AP NEWS

In weddings, the ’90s are back and better than ever

April 2, 2019
1 of 7
This May 2015 photo provided by Etsy seller Wild and Free Jewelry shows a model wearing Butterfly Clips, in Santa Barbara, Calif. From butterfly clips to polka dots, '90s trends have been making a fashion comeback. Now '90s babies are increasingly reaching average marrying age. So it's no surprise these trends are popping up all over the wedding industry too. (Wild and Free Jewelry/Etsy via AP)
1 of 7
This May 2015 photo provided by Etsy seller Wild and Free Jewelry shows a model wearing Butterfly Clips, in Santa Barbara, Calif. From butterfly clips to polka dots, '90s trends have been making a fashion comeback. Now '90s babies are increasingly reaching average marrying age. So it's no surprise these trends are popping up all over the wedding industry too. (Wild and Free Jewelry/Etsy via AP)

From butterfly clips to polka dots, 1990s trends have been making a fashion comeback. Now, as ’90s babies increasingly reach average marrying age, these trends are popping up all over the wedding industry as well.

An Etsy 2019 wedding trends report declared ’90s nostalgia a top trend of the year, with over 300,000 searches for both rhinestones and polka dots on the site in the three months before the report’s release in February. Etsy has also seen a 14 percent increase in butterfly clip searches since last year.

Etsy trend expert Dayna Isom Johnson says a ’90s resurgence doesn’t mean we’ll suddenly be seeing huge puffy sleeves and oversize hair. Rather, popular ’90s trends are being modernized and updated.

“They give some nod to those styles but they are so much more sophisticated,” Johnson says, adding that today’s butterfly clips, for example, look more whimsical and romantic than they did in the ’90s.

And although wedding-dress sleeves may not be as puffy as they were 25 years ago, statement sleeves are big again. Dresses are breaking from the modern tradition of a sweetheart neckline silhouette, giving brides the opportunity to better express their personal style.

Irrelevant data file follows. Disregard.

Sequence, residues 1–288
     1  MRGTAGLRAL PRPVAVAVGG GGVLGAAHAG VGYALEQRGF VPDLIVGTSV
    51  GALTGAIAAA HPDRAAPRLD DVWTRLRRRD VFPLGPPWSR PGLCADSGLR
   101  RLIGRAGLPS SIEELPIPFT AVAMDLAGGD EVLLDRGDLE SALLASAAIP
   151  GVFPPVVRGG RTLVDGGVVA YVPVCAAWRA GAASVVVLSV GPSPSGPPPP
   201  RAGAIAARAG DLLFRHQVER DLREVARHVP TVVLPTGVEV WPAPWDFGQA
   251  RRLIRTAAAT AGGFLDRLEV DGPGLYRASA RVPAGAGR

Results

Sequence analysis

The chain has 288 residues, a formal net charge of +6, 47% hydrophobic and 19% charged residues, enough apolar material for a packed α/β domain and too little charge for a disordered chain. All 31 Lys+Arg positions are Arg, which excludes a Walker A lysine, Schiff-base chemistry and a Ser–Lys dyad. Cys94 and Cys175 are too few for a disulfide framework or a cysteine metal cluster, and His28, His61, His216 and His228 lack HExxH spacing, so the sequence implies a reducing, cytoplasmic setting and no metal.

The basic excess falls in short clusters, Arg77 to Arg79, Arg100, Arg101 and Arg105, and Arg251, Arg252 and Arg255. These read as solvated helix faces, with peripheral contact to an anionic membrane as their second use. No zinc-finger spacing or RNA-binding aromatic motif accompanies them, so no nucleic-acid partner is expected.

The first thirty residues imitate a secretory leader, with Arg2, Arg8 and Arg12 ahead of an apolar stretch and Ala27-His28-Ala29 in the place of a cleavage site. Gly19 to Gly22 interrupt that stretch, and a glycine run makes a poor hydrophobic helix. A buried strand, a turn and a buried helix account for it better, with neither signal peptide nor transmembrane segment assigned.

Lauren Kay, deputy editor at The Knot, says she has seen an increase in holographic and iridescent decor, chokers, disposable cameras on tables, and ’90s music. Jeffra Trumpower, creative director at WeddingWire, cites the return of ’90s styles like neon signs, macramé, and custom jean jackets with monograms or calligraphy on the back.

Los Angeles wedding planner Beth Helmstetter of Beth Helmstetter Events has noticed a return to bridesmaids wearing color block dresses — combining two or more large blocks of bold, typically clashing colors. And Chicago wedding planner Nicole Hensley of Storybook Weddings and Events notes more couples incorporating their favorite ’90s snacks into their special days.

“As most of our couples are now in their 30s,” Hensley says, “they lived through childhood eating dunkaroos, pop tarts, ice pops and so many other nostalgic treats. It’s been so fun sourcing these items for late-night snack stations or having our caterers put a fun twist to pop tarts... or creating an ‘adult’ alcoholic version of the ice pops!”

Perhaps the most surprising ’90s trend that is resurgent both in weddings and beyond is the fanny pack.

A 2018 report by the NPD Group found that fanny packs account for almost 25 percent of overall growth in the fashion accessories industry. Etsy reported a whopping 62 percent increase in searches related to “bridal fanny packs” in the three months before its trends report was released.

At bachelorette parties, a bride and her crew might wear bedazzled or glittery fanny packs that say “Bride” and “Squad.” Couples also are incorporating more chic, fashionable versions of fanny packs into the wedding itself. These classier versions may be referred to as hip or belt bags. Brides and grooms aren’t necessarily wearing them down the aisle, but they are using them at the reception or other wedding events to carry phones and other items.

Johnson sees fanny packs as part of a broader trend toward functionality and reusability. Not only are they handy during the celebration, but fanny packs can be used long after the wedding is over.

Experts agree that couples who want to invoke a little ’90s nostalgia into their weddings should do so tastefully and sparingly. Many suggested thinking about no more than one or two motifs from the ’90s and putting a more modern spin on them.

“If it’s neon fanny packs for example,” says Hensley, “take that idea and go a step above! Reinvent the idea. Give fanny packs out as favors filled with a hangover kit for surviving the next morning. Fill it with a mini water bottle, some pain reliever, eye drops and maybe a little ‘hair of the dog’!”

In essence, a full-on ’90s-themed wedding might be overkill, but including flashes of the decade here and there can make for a beautiful and nostalgia-filled event.